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Alternative To Grain Mill

Discussion in 'Gear and Equipment' started by hhouken, 10/4/11.

 

  1. hhouken

    Active Member

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    Posted 10/4/11
    What would be a recommended alternative to a "proper" grain mill. Have seen coffee grinder mentioned - too fine? What about food processor with steel blade? My intended style of brewing is BIAB.
     
  2. Malted

    Humdinger

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    Posted 10/4/11

    Probably depends on your budget. I don't think a coffee grinder is really that much cheaper than a mill anyway.
    Do you want bulk buy grain? It's good for base malts but do you want to buy 25kg of specialty malts that will take years to get through?
    Otherwise premilled grain from your LHBS isn't such a bad option for a number of reasons.
    In short, tell us more about why you want to mill.
     
  3. smileedude@hotmail.com

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    Posted 10/4/11
    You can get the victoria/carona style mill for $60- $90. Thats what i use. I saw a video of someone grinding with an electric coffee grinder, not sue how good this is. If I were you I would be buying a recipe at a time preground from your LHBS (if its a decent one) then buy a proper mill when you have the cash.
     
  4. Bada Bing Brewery

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    Posted 10/4/11
    +1
    Get it smashed by a shop and then when you know what you like (grain wise) you can workout the options from there. I BIAB and started with premilled grain - then I got a secondhand mill (marga) which is good but decided to outlay for a montermill from the US. It all depends on how much brewing you will do and how much you like monkey grinding ... <_<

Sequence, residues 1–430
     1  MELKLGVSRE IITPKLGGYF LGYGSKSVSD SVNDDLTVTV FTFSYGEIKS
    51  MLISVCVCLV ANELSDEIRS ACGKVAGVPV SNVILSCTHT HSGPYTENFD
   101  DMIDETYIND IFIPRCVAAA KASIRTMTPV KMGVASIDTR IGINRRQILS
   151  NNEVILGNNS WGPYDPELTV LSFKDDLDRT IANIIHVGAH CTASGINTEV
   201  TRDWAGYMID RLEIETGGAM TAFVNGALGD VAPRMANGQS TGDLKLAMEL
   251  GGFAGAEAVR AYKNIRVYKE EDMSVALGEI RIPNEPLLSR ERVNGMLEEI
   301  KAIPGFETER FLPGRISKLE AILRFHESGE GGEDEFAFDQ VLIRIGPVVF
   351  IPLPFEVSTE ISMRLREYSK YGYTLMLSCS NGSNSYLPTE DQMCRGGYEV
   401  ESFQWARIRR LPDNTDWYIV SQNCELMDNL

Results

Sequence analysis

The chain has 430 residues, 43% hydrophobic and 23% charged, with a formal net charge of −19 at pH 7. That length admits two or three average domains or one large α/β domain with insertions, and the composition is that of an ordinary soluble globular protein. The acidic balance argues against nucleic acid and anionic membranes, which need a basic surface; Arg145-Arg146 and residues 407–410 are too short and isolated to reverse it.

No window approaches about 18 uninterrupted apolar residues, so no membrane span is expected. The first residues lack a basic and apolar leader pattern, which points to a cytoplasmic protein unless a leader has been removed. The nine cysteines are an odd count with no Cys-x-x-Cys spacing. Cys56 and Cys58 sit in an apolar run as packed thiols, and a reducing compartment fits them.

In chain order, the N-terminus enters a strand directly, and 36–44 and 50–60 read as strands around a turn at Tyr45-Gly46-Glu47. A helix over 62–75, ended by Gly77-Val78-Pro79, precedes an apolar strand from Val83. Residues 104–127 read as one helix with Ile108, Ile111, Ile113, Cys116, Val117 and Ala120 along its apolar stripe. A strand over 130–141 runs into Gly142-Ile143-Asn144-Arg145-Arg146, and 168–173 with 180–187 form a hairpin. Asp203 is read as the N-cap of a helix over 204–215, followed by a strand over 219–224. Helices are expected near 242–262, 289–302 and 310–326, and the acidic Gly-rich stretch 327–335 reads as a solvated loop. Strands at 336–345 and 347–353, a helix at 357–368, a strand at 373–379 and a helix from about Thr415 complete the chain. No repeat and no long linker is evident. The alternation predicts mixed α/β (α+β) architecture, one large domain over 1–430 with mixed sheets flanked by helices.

Cheers
    BBB
     
  5. Jazman

    Fishweide BrauHaus

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    Posted 10/4/11
    get a proper grain mill it does the job good or better than the other substitute plus you can get a good one from the states for a good price while the dollar is up and get one u can use with your drill easy as...Also do what most brews do keg 25kg of base and buy the odd 1kg of special malt and save some coin
     
  6. Wolfy

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    Posted 10/4/11
    You can often get a 2nd hand marga-mill for about $50, well worth watching out for.
     
  7. hhouken

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    Posted 10/4/11

    I put a brew down every 3 weeks or so as soon as my fermenter & temperature control fridge is freed up. Been doing extracts using 15l pot. Given ease of BIAB setup plan to brew by this method plus buy a bigger pot & 2 ring gas burner. Will use around 4 - 5kg base malt plus some speciality malts - the latter milled by friendly folk at CB per recipe. Will pick recipes around a 25kg bag of base malt and will mill as required.
     
  8. dave_h

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    Posted 10/4/11
    I have done a couple of brews with a food processor and ended up burning the motor out, looking into getting a proper mill. It got the grain reasonably fine but took ages.

    Recommend getting your brew shop to mill the first couple of batches and then get a mill and bulk buy
     
  9. ekul

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    Posted 10/4/11
    If you do a brew every 3 weeks and use 5 kilos a brew you use 86kg of grain a year. This will cost you $387 a year if you only use base malt and pick it up from the store (ie don't have to pay grain postage).

    A mill with base plate, hopper and crank handle (ie everything you need to crush grain) will set you back $215 delivered to your front door.

    Once you have this you will be able to bulk buy your grain. The last bulk buy it cost me $92 for two sacks of ale malt, or $1.84 a kilo. So for your 86kg a year it will cost you $158

    So you buy all your grain precrushed @ $4.5 a kg and spend $387 a year

    OR you can buy a monster mill from here with base plate and hand crank for $215 delivered PLUS 3 bags of grain (only 75kg but close enough) in a bulk buy and be $30 in front your first year. The next year and every year after that you'll be halving your grain cost.

    Once i sat down and did the maths i instantly went and bought one.
     
  10. Malted

    Humdinger

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    Posted 10/4/11